Uganda has been a stable buyer of arms since Soviet times: it has never been a major customer, but from the 1960s through the 1980s the USSR accounted for almost 50% of Ugandan arms imports in money terms, while over the next 30 years Russia took a more than 50% share. About half of these imports were aircraft, the rest being armored vehicles and ordinance for them.

Museveni made his first attempts to build up political relations with Russia in the late 2000s, but the turning point came only almost a decade later. In 2016, the Russian Ministry of Foreign Affairs came out in support of him after his latest election victory, which came under criticism from the West. Projects to build a nuclear power plant and an oil refinery were discussed in the media and at the political level at the time but came to naught in the end. All that came out of this was a slight bump in trade (mutual supplies of agricultural products and Russian arms exports), together with modest charitable gestures by Russia: in 2019-20, under the auspices of the UN, it donated 54 trucks and $3 million to the country to deal with a drought.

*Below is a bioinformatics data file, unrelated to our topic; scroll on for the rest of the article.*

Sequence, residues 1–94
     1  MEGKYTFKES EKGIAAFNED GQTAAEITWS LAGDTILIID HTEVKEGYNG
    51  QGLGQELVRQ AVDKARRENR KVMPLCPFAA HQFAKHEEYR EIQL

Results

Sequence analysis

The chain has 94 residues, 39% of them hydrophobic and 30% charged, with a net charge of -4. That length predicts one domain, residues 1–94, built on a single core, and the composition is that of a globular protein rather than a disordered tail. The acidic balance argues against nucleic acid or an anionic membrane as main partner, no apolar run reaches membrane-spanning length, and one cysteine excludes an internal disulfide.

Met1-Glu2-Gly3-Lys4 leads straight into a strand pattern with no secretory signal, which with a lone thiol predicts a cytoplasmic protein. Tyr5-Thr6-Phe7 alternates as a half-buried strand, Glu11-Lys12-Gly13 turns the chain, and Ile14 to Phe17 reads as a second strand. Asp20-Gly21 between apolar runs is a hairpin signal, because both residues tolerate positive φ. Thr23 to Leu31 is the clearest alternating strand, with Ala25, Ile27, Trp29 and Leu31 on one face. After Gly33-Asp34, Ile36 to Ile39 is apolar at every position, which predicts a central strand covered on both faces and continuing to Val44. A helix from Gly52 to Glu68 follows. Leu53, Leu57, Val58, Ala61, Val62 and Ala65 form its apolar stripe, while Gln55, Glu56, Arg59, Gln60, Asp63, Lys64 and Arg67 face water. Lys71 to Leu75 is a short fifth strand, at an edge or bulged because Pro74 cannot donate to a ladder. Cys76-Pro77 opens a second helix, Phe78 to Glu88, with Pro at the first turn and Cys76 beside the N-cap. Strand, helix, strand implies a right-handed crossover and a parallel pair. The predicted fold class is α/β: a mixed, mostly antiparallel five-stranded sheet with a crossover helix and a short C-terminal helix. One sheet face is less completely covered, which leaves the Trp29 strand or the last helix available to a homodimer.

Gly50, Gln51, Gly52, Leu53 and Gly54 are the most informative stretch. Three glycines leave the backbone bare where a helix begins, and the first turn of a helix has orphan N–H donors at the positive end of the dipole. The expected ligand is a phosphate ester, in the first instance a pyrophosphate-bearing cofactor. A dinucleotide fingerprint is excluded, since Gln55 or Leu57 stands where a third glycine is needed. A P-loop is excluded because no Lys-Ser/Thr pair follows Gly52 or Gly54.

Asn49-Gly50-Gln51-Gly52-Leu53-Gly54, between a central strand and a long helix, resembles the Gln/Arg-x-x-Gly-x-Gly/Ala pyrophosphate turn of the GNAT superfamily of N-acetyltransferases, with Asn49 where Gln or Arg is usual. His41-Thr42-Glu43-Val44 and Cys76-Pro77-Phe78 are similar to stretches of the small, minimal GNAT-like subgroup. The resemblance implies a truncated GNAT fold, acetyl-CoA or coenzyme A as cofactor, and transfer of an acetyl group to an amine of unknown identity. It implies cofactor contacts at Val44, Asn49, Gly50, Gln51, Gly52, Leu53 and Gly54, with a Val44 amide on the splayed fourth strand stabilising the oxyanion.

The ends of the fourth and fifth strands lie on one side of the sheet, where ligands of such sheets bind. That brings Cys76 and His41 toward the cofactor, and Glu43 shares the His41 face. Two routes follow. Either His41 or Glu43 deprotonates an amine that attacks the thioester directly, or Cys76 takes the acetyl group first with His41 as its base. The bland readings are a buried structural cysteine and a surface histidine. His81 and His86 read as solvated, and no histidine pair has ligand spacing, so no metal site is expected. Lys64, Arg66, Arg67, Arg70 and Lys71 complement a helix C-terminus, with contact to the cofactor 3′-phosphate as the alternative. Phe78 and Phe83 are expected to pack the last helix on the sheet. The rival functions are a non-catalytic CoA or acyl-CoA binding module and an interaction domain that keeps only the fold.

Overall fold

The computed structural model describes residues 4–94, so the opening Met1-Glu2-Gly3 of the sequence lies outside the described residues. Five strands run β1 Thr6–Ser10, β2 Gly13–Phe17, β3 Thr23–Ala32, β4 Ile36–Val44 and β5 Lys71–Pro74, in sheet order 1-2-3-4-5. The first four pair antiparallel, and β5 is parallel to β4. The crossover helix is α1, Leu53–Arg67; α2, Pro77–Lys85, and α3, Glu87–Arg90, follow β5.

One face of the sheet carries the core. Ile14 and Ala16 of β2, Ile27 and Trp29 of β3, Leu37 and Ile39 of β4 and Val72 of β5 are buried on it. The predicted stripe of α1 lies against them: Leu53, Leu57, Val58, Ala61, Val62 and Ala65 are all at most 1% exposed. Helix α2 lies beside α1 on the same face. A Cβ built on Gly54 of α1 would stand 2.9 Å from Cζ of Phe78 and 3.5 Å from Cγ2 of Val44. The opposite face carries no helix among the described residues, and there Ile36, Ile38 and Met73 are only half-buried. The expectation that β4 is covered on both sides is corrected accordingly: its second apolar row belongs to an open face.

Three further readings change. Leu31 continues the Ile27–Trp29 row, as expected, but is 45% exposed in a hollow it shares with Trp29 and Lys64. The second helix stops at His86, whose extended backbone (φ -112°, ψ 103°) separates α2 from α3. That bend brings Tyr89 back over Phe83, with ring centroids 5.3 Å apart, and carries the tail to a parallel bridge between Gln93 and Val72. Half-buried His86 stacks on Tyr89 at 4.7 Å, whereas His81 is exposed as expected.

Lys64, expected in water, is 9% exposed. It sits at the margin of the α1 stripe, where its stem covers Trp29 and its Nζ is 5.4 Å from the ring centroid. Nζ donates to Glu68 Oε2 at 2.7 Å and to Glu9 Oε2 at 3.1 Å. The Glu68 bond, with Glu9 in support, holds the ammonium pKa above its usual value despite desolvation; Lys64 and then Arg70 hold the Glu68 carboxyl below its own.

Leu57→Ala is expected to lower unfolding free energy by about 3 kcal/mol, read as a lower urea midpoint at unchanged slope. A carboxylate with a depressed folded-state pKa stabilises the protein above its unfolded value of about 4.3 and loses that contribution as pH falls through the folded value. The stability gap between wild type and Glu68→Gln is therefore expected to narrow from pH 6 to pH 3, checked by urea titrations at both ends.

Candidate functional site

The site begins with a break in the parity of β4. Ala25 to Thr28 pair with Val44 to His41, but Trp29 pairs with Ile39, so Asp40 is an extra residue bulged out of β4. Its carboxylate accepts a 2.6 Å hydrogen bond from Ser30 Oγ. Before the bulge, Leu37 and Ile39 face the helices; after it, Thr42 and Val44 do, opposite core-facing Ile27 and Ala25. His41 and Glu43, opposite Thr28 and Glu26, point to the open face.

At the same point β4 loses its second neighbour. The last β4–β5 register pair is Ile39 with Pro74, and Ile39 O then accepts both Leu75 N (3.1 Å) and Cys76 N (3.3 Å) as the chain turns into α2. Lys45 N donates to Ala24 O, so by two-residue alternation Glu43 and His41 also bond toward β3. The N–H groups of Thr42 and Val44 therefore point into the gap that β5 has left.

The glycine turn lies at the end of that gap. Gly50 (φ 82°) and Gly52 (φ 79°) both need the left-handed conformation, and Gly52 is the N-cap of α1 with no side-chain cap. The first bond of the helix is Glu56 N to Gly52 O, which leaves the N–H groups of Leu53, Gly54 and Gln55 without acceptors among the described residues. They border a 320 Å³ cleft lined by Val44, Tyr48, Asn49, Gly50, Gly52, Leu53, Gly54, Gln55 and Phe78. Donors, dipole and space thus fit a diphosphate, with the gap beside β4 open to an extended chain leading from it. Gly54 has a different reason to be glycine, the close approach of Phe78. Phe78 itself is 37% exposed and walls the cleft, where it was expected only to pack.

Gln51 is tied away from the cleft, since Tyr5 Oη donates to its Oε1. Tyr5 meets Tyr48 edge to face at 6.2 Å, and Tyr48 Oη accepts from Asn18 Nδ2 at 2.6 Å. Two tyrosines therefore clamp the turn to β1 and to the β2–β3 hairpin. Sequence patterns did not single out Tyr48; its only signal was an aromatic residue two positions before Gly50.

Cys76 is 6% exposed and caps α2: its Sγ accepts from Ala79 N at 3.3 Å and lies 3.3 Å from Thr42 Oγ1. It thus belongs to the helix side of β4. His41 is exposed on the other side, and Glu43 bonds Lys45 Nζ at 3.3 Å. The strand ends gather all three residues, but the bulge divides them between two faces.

Following the full-scale invasion of Ukraine, Museveni moved to reap the benefits of Russia’s isolation.

According to media reports, in 2023 Uganda continued arms purchases (helicopters and missile systems), with one of goals of relations being to turn Uganda into the center for the repair and maintenance of Soviet (Russian) aircraft in Africa.